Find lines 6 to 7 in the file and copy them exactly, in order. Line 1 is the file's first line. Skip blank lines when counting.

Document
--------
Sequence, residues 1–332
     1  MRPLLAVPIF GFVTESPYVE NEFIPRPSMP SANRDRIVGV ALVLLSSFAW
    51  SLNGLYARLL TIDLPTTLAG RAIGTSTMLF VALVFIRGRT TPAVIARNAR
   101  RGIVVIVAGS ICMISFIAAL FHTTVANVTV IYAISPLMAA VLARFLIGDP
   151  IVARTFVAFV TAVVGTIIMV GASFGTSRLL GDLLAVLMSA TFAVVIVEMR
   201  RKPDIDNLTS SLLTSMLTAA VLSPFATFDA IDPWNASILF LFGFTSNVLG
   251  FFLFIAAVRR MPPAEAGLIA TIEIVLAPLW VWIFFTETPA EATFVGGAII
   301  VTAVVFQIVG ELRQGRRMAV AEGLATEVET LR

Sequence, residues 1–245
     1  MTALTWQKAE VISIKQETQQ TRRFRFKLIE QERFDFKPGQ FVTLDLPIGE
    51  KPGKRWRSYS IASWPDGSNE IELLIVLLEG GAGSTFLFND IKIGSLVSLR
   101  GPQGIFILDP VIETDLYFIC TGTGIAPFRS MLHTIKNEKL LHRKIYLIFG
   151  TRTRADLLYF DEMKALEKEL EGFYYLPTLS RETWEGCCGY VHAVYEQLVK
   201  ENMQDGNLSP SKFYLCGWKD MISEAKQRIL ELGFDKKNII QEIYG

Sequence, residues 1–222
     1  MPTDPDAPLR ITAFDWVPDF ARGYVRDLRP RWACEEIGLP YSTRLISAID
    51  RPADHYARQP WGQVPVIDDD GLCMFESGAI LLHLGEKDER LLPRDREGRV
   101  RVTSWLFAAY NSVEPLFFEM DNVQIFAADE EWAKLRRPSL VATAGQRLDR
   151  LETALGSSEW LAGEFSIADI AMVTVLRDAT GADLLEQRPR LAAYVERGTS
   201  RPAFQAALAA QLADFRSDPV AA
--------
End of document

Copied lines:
   201  RKPDIDNLTS SLLTSMLTAA VLSPFATFDA IDPWNASILF LFGFTSNVLG
   251  FFLFIAAVRR MPPAEAGLIA TIEIVLAPLW VWIFFTETPA EATFVGGAII